Leonard Berry, Texas A&M University
Shraddha Dalwadi, Texas A&M University
Joe Jacobson, Texas A&M University

Cancer patients who live at home often require help with activities of daily living, basic medical care (e.g., injections), social needs, and patient advocacy. Most of that support comes from intimate caregivers, typically members of the patient’s family. These “family caregivers” themselves require support so that they can be effective and maintain their own well-being while caring for the cancer patient. Research shows that support for caregivers contributes to achieving these goals. We propose a four-part framework for supporting family caregivers: (1) Assess caregivers’ needs using formal measures, just as the cancer patient’s own needs are assessed; (2) Educate caregivers for their caregiving roles, most notably with training in the low-level medical support that cancer patients require at home; (3) Empower caregivers to become full-fledged members of the patient’s cancer team, all working toward common goals; and (4) Assist caregivers proactively in their duties, so that they retain a sense of control and self-efficacy rather than having to react to imminent medical crises without sufficient resources at their disposal. Funding support for family caregivers requires refocusing on the overall well-being of the patient–caregiver dyad rather than just on the patient. It will require a paradigm shift in reimbursement that recognizes the need for holistic cancer care.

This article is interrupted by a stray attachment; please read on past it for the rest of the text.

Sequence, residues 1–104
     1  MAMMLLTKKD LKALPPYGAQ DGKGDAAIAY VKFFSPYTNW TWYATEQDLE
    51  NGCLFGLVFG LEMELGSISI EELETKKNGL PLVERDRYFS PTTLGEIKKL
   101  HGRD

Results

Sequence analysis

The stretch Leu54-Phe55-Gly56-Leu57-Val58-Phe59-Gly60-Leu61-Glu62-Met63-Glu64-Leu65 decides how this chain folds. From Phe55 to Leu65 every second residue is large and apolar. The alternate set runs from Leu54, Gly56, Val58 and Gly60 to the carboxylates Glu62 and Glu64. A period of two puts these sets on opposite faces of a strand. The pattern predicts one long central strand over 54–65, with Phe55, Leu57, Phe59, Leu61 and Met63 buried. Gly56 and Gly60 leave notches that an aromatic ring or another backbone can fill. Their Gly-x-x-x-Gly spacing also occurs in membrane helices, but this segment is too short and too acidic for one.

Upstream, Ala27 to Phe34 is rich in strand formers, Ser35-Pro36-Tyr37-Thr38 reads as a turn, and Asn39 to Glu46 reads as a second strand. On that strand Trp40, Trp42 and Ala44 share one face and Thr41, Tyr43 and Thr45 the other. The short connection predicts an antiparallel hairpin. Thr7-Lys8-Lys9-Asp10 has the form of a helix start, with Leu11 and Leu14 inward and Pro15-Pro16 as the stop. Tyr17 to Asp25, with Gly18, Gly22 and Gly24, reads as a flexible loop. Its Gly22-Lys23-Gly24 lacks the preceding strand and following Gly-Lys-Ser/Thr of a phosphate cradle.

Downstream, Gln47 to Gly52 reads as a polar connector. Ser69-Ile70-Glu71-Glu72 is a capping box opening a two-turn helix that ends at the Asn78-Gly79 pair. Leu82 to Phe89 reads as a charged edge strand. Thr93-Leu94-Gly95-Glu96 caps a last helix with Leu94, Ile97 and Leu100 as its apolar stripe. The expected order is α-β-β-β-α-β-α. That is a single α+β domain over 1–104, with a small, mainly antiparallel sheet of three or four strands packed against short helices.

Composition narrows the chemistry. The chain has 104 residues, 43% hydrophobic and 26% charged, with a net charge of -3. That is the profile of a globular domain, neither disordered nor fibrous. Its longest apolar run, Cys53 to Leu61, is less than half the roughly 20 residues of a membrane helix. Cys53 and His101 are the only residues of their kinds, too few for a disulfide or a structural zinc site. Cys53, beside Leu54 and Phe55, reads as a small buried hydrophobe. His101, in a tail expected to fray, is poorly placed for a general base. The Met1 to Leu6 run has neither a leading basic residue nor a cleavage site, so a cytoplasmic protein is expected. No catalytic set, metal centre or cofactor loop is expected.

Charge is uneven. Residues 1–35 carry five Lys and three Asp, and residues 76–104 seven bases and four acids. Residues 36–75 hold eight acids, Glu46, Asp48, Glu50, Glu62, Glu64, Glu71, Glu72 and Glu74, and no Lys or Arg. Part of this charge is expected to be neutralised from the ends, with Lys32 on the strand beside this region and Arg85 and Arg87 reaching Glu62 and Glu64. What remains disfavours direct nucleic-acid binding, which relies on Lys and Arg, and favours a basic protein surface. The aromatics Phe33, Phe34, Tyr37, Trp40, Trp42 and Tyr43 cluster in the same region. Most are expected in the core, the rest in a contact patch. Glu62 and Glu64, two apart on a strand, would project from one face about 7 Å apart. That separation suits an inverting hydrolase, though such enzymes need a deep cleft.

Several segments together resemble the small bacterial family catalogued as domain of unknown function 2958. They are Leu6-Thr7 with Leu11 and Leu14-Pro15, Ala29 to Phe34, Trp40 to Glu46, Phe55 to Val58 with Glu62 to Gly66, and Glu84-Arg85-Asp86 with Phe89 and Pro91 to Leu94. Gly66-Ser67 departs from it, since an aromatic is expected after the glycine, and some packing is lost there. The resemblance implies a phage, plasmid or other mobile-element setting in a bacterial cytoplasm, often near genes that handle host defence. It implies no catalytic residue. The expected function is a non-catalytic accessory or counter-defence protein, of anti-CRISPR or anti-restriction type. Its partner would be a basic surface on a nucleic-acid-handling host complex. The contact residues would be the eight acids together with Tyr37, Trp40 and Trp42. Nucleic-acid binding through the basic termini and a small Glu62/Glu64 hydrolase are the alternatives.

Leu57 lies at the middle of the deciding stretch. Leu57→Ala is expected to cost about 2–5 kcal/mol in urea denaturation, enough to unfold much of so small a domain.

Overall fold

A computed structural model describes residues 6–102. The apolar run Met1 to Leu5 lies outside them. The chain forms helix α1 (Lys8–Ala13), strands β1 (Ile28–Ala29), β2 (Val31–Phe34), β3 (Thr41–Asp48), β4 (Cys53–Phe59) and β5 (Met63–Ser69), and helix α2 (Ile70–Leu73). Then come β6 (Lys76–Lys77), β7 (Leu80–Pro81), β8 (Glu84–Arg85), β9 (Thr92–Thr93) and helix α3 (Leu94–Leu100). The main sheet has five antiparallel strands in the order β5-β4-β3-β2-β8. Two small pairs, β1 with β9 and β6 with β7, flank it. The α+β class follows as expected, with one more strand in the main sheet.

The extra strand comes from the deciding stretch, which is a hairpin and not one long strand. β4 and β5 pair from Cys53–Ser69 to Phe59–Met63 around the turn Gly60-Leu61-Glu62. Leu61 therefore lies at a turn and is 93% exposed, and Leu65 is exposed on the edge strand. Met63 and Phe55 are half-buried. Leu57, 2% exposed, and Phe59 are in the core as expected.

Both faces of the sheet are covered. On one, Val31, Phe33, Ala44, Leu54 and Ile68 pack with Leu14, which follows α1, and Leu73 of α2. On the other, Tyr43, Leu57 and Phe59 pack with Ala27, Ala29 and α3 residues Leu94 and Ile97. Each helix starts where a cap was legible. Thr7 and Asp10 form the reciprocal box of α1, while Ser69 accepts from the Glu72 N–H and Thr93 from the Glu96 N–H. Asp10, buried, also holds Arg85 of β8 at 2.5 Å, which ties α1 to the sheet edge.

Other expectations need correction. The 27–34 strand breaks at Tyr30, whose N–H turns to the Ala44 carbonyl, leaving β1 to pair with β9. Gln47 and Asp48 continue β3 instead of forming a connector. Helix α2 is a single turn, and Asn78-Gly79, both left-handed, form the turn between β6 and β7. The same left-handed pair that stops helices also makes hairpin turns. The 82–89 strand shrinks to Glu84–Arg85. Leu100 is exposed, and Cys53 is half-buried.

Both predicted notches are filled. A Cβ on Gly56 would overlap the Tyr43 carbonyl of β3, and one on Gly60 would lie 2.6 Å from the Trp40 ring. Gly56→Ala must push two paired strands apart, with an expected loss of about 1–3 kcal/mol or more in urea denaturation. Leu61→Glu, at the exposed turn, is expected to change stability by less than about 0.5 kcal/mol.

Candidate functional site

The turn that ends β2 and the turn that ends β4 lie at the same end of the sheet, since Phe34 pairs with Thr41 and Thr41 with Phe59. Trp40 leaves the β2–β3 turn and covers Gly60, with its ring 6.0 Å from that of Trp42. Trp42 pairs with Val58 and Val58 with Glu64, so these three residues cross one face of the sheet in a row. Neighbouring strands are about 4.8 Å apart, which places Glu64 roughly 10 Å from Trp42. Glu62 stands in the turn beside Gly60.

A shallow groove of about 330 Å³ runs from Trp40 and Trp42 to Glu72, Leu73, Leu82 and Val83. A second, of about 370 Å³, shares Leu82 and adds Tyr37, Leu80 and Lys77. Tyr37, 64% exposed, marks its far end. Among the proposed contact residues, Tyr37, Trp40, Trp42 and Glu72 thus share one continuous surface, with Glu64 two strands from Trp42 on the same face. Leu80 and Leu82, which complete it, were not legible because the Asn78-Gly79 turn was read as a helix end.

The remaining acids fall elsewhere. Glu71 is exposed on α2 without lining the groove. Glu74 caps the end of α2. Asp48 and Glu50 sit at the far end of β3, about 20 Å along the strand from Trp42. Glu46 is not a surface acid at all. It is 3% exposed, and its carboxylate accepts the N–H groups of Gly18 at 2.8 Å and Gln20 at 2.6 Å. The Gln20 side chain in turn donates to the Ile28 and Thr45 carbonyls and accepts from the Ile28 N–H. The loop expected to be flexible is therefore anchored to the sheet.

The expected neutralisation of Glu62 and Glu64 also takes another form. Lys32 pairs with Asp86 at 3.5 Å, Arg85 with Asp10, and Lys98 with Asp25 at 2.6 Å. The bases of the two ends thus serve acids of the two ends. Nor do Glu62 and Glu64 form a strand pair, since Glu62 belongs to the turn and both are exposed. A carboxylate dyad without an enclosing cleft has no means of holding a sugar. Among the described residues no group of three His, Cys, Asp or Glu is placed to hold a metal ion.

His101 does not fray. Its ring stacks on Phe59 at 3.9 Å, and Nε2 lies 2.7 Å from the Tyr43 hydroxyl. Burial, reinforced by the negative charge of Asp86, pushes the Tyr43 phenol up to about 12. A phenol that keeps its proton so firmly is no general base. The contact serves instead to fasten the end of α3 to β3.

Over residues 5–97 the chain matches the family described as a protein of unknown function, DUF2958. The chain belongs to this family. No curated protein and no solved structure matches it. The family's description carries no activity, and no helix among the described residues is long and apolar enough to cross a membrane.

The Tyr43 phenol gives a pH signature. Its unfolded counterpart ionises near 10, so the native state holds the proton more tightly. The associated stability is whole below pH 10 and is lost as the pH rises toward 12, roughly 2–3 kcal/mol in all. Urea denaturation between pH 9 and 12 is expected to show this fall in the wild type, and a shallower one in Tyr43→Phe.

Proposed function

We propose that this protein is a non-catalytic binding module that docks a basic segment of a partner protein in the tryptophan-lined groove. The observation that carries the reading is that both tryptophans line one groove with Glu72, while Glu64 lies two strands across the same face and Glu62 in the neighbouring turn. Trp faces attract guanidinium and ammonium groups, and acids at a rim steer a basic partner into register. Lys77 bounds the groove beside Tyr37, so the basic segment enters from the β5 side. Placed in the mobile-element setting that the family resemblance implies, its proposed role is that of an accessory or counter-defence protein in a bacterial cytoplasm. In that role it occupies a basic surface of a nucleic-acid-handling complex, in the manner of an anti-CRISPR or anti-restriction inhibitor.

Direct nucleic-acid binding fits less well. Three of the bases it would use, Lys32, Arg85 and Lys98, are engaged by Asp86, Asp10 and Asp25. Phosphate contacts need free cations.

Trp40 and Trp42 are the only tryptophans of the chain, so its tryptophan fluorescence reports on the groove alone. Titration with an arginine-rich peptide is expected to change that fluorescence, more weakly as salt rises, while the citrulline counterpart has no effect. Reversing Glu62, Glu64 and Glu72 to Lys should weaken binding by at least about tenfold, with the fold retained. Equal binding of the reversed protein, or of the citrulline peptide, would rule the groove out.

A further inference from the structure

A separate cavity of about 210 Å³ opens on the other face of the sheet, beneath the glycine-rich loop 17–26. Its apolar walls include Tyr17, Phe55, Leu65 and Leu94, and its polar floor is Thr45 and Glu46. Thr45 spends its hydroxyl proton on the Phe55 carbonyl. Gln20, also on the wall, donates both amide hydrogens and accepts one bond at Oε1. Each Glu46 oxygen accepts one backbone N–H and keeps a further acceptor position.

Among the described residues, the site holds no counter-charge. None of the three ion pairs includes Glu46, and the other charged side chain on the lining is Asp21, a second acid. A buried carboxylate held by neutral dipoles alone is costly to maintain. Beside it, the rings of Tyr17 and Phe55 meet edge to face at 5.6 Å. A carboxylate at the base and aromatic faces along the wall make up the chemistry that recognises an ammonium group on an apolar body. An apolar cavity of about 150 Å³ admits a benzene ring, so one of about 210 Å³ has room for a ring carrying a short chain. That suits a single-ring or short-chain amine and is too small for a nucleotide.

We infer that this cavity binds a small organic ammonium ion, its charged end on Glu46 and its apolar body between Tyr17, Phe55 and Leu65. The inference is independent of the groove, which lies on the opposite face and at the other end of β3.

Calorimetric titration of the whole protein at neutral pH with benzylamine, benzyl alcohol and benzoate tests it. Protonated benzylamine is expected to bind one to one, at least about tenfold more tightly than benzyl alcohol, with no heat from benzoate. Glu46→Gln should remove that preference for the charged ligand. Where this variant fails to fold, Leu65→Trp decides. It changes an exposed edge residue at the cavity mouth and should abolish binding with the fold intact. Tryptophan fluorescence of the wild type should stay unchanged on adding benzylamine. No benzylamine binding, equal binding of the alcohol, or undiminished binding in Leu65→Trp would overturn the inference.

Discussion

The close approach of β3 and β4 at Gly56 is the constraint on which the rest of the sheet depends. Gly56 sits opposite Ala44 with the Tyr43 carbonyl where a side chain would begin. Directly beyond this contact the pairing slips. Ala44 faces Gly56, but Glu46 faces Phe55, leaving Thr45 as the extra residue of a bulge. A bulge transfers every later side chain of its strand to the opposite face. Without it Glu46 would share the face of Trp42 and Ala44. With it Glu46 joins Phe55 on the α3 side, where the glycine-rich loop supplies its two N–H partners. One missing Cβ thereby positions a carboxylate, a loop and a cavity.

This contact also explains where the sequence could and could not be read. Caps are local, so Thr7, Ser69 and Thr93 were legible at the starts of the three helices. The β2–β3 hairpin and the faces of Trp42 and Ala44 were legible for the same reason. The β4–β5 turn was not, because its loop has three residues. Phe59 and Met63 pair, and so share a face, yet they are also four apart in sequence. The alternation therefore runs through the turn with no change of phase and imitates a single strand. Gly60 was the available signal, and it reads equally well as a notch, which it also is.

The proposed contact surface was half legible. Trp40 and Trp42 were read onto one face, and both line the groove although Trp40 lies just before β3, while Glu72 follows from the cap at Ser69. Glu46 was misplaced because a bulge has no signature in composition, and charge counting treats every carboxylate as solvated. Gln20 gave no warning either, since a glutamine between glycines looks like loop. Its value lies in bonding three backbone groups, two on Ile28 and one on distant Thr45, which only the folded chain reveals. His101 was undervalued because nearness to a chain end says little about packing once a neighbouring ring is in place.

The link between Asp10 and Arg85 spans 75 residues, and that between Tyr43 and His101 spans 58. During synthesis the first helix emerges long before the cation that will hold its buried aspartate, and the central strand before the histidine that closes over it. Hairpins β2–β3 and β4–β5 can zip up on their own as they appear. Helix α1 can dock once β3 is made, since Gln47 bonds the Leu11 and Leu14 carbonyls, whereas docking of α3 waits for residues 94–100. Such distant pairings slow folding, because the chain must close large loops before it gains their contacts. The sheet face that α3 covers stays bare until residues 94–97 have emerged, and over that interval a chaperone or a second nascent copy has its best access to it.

“Supporting the Supporters: What Family Caregivers Need to Care for a Loved One with Cancer,” Journal of Oncology Practice, January 2017, pp. 35-41.